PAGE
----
It is a well-known fact that King Jan III highly approved of native and eastern trends in fashion. Indeed, in his fascination for kerseys and Crimean caps he exceeded all Polish elective monarchs. Nevertheless, the king’s picture would be distorted if we forgot that occasionally he also wore laces and hats à la mousquetaire.
One may only assume that, similar to Tomasz Zamoyski’s, Jan’s clothing in childhood years included ferezja coats and baczmagi boots on the one hand and white stockings, lined gloves and kabat coats on the other. In line with the contemporary custom, the local fashion combined native with western elements. This held true especially in case of young boys remaining under a strong female dominance.
In an instruction addressed to his sons’ preceptor in 1640, Jakub Sobieski included the following warning, “Nor do I wish them to dress like Hussars, wearing lined caps [in] summer; let them follow the old-fashion manner of wearing hats and Magierka caps [in] summer.” Let us stress that the tradition of a modest student dress favoured the Spanish and Italian style (including the aforementioned hats), represented by the Alma Mater graduate depicted in the 1618-drawing published in the Liber promotionum book. When setting off on their educational voyage to Western Europe, the two youngsters were advised by their father, the then castellan of Cracow, to observe public performances including ballet, to practice fine dances at the court etc. Aware of the fact that his sons would inevitably assume French customs, Jakub Sobieski added, “As for attire, I do not wish you to be nimis sumptuosi, especially in France where one day people dress as if cast in gold and another they hardly wear anything at all, putting on a mere black string.” Admittedly, Sobieski was right. As noted by Sebastian Gawarecki, the two boys and their accompanying retinue changed into “French gowns” as soon as they reached Poznan (on 25 March 1646).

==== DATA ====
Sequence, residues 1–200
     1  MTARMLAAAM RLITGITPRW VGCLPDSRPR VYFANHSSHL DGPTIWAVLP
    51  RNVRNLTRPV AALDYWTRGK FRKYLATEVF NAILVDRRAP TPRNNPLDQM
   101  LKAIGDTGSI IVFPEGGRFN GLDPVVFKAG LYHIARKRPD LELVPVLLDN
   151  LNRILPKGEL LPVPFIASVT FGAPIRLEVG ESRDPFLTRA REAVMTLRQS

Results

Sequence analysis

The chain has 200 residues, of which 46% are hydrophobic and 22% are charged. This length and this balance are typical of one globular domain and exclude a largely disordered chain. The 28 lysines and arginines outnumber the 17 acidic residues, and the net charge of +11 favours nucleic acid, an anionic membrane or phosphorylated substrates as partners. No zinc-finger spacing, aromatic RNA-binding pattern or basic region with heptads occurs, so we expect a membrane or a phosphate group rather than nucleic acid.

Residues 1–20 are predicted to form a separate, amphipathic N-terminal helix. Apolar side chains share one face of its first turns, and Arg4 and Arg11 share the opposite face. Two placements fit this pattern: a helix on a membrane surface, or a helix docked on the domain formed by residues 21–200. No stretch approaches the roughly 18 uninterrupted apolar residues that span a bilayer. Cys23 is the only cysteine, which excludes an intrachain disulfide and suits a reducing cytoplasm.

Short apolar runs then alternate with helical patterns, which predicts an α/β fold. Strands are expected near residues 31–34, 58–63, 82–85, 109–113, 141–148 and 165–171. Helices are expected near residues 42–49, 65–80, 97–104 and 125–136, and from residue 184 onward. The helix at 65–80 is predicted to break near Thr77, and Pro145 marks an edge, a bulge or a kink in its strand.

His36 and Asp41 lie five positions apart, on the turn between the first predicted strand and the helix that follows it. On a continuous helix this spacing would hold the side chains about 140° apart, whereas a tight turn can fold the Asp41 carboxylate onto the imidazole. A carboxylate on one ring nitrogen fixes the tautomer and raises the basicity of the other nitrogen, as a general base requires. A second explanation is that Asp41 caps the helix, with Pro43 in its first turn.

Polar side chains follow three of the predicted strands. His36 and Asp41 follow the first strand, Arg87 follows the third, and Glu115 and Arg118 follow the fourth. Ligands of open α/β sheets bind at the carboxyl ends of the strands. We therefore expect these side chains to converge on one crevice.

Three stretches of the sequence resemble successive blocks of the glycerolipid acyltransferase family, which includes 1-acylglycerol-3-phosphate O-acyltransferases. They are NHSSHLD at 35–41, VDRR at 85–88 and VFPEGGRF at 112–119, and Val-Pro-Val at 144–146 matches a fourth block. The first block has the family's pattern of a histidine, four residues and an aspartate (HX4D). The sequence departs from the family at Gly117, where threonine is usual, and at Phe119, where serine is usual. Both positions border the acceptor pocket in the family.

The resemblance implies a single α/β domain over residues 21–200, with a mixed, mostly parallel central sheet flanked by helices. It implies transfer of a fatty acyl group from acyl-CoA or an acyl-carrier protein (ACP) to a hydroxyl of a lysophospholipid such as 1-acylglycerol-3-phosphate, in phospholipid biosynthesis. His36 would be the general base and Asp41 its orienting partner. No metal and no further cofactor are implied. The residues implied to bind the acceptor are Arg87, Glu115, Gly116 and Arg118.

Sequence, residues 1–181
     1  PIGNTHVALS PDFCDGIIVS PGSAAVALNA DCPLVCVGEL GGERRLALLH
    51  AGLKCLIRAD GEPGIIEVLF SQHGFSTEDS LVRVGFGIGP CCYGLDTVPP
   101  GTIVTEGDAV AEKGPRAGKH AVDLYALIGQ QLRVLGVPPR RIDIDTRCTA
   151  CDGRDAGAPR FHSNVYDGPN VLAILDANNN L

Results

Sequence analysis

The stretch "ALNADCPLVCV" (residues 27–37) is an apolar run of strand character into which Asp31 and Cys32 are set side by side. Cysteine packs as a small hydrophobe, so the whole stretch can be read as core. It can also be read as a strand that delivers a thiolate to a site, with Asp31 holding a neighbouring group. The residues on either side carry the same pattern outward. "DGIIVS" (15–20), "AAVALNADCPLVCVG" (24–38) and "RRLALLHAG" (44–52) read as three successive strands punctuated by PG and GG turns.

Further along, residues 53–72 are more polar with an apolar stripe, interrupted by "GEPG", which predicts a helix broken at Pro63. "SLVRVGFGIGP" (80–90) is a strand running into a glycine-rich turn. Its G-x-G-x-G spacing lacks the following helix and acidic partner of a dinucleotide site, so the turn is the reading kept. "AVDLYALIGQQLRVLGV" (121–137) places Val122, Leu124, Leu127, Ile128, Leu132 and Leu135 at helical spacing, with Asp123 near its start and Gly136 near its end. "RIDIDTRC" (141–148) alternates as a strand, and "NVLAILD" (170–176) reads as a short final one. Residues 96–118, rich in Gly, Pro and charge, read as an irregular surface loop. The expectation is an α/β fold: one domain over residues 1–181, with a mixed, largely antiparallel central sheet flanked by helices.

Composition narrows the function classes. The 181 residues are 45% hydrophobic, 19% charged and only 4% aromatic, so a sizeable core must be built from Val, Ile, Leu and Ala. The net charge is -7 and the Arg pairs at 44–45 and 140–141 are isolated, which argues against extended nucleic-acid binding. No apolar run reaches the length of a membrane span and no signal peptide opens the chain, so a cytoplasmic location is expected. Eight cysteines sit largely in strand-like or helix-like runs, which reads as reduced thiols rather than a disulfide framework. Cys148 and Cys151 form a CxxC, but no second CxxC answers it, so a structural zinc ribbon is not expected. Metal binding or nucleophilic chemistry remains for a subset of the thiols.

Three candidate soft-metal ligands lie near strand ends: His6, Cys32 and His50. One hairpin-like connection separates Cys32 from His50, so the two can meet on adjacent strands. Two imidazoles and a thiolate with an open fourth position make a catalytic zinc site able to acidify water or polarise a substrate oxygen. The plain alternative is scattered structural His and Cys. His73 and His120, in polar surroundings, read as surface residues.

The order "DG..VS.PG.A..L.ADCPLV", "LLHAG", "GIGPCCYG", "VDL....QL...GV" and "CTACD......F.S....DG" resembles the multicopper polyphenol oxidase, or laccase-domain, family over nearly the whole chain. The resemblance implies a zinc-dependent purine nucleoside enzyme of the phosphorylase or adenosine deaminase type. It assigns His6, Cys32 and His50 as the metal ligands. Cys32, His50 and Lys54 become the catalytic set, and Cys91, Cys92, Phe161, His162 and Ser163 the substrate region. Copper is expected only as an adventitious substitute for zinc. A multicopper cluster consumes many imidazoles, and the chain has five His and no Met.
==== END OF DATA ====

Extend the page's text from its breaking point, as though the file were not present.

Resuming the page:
While staying with his brother and a small court in Western Europe (supervised by a certain Orchowski), Jan Sobieski certainly assumed the French fashion, as was the common practice. Otto Forst Battaglia believes that, “in Jan Sobieski’s understanding, French customs and education embodied the highest ideal of human perfection.” An alleged service as the red musketeers of the Royal Guard would imply the fulfilment of specific uniform requirements. Consequently, not without reason were Jan and Marek mistaken for Frenchmen while in the British Isles. Thinking they were French, on 13 October 1647 the castellan of the Dover castle (“a neo-politician and governor”) refused to let them enter the castle stronghold.
Already as Grand Marshal of the Crown, Jan Sobieski would at times fling on his shoulders a French overcoat (of Louis d’Arquien, his future father-in-law) or to tie on a sash received from Marie. He also consented, though reluctantly, to his sons having French as their mother tongue. After all, could he possible object to his beloved French wife?